New theatre festival aims to dismantle conventions

Cameron Fraser of Break/Contemporary Circus demonstrates his skills by manipulating a four-foot alumnium box around his body as part of his new performance piece The Heart. - Submitted photo
Cameron Fraser of Break/Contemporary Circus demonstrates his skills by manipulating a four-foot alumnium box around his body as part of his new performance piece The Heart.
— image credit: Submitted photo

Outskirts Theatre Festival is throwing an opening gala at The Royal on August 20, and audience-members can expect fresh food, live music and a headlining performance from genre-busting circus extraordinaire Cameron Fraser of Break/Contemporary Circus, who will be performing his brand new piece The Heart.

“This is the story of a couple of strangers who fall in love. It analyzes significant moments throughout their relationship that impact them irrevocably,” said Fraser.

He was inspired by the recent death of his uncle Colin.

“He’d just become a grandfather. All my life I’d been terrified of him, but when he had grandkids it totally changed. He was smiling, happy. He shared stories from his childhood. It was that change in him that really piqued my curiosity, and I started to look at how significant events change our lives so drastically,” he said.

Fraser’s process included discussing with friends and family moments that impacted them, and then trying to translate that into physical theatre pieces that could embody the appropriate emotional heft.

“I distilled it all down into choreography and music, then looked for tracks that fit that feeling.”

He originally envisioned the piece as a 12-person ensemble, but it eventually evolved into a two-hander featuring his dance partner Leah Litwack, who will spend a lot of time twirling above his head.

“Leah’s a brilliant dancer. She started her training in circus and we met because we were hand-balancing partners,” he said.

The pair reunited for this show, which recently debuted at the Gabriola Theatre Festival.

“One of the things I try to do in my work is break the box, think outside it. We look at breaking the conventions of how we tell stories, but in a distinctly west coast fashion.”

Fraser was born and raised on the west coast.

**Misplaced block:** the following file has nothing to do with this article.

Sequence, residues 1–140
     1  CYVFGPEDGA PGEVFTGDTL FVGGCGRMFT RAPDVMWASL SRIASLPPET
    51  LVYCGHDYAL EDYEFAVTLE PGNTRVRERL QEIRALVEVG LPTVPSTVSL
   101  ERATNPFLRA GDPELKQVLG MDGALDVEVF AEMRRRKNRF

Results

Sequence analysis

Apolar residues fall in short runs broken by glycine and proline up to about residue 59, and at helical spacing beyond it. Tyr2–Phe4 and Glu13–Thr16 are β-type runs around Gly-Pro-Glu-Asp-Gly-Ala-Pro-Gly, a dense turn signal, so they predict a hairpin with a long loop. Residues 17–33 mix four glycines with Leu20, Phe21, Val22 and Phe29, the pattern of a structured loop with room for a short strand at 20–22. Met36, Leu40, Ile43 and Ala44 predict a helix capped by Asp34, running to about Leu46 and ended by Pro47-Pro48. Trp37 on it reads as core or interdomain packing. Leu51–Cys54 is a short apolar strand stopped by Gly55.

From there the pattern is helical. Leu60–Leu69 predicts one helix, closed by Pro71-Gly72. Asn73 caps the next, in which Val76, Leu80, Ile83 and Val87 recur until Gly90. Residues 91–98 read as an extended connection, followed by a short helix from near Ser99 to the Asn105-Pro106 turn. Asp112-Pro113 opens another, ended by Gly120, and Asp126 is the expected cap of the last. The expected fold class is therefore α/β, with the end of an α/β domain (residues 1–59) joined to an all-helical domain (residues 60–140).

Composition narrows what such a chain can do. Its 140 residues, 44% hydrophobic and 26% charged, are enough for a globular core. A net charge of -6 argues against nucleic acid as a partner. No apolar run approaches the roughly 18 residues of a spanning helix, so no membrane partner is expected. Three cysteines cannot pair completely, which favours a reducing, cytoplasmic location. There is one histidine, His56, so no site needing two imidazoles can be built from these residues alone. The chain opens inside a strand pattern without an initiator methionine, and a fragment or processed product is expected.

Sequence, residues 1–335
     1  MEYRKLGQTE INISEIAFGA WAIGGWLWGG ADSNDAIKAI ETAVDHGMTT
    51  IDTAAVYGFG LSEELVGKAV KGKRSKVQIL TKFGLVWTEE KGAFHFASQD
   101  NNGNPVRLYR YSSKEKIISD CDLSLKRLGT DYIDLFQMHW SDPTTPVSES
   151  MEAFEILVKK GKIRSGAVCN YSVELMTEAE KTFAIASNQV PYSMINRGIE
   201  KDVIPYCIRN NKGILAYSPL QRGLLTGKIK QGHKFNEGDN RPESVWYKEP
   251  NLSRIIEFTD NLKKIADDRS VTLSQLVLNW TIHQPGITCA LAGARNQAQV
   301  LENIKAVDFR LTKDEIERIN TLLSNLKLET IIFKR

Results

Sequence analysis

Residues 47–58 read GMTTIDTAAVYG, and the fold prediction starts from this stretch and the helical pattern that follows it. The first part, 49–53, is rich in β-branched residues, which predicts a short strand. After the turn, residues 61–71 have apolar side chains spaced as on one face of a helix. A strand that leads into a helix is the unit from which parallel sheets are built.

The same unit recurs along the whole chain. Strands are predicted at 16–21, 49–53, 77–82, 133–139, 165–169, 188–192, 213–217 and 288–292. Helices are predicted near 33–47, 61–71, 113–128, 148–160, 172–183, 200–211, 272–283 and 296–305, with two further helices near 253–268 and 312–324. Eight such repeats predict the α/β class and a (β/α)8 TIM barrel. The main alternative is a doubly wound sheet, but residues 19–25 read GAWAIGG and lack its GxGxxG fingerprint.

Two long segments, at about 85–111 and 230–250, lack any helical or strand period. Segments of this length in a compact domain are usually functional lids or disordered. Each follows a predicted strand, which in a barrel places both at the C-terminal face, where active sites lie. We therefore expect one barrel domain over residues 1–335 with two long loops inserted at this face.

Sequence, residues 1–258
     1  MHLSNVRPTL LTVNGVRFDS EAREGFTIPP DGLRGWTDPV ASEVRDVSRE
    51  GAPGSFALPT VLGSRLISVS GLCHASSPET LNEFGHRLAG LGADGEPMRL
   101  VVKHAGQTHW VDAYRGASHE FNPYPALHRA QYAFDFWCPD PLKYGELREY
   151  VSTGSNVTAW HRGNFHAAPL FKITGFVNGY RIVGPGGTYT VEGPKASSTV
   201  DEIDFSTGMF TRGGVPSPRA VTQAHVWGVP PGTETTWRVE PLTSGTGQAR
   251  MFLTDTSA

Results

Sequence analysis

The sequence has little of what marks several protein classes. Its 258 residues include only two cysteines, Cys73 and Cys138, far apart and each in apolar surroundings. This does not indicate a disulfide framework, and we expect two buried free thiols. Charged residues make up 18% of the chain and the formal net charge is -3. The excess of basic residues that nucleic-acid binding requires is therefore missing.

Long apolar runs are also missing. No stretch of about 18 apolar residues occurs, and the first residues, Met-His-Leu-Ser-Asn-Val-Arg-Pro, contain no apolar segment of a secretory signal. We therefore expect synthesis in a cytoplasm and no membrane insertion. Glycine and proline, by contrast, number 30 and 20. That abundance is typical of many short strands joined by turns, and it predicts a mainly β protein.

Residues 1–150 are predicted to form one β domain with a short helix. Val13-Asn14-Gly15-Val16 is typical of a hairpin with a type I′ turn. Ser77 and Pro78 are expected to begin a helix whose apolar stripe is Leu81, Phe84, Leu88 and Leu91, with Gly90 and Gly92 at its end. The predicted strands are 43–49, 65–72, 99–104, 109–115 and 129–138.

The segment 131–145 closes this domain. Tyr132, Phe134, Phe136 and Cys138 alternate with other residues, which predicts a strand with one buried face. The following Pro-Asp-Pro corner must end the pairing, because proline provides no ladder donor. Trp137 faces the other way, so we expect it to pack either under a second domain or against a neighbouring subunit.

“I love using the environment to tell stories. We think differently out here than they do in the rest of Canada. We’re telling stories from a radically different perspective."

One of the most challenging aspects of the show involves Fraser balancing and spinning a four-foot metal cube.

“I manipulate it around my body, bounce it off my face. The biggest challenge is doing it in such a small space, because both Gabriola and Nelson are a little smaller than we’re used to,” he said.

“I have to navigate the audience and the room and myself without dropping it. It weighs about six pounds, with a thin aluminum frame, but once it gets spinning it weighs a lot more and has to be on balance at all times,” he said.

Fraser said he was thrilled to be chosen as the headliner for the brand new Outskirts Festival.

“We’re really hoping to give it a name and knock it out of the park,” he said.

To learn more about Break/Contemporary Circus visit facebook.com/BCCircus

Outskirts gala itinerary

In its inaugural year, Outskirts Theatre Festival presents four plays nightly, in two separate venues, from August 21 to 23. The opening gala on August 20 will feature an appetizer buffet at 6:30 p.m. and music by Julie Johnson-Murray starting at 7 p.m.

All gala guests receive a festival visa, which is required for entry to all festival events.

At 7:30 local funnyman Lucas Myers will introduce this year’s performers, who will all present a short selection from their work.

The festival will include solo performers Lisel Forst and Kevin Armstrong, both of Nelson, and Devon More of Vancouver, as well as Chimeron Theatre Company of Kamloops.

Local favourites Nelson Youth Theatre will preview their Shakespeare play Twelfth Night.

After the gala wraps up, stick around at The Royal for their regular Wednesday night entertainment by Nelson band Sunshine Drive, who will be playing until midnight.

The Royal is a licensed, all ages restaurant. Food and drink service will be available during the gala, in addition to the appetizer buffet provided.

Tickets to the gala are $18 in advance at The Royal or $20 at the door.

A $5 visa is required to attend the festival shows. Each performance is $10 at the door, with all proceeds going to the performers.

For more information about the festival see outskirtstheatre.com.

­— Will Johnson












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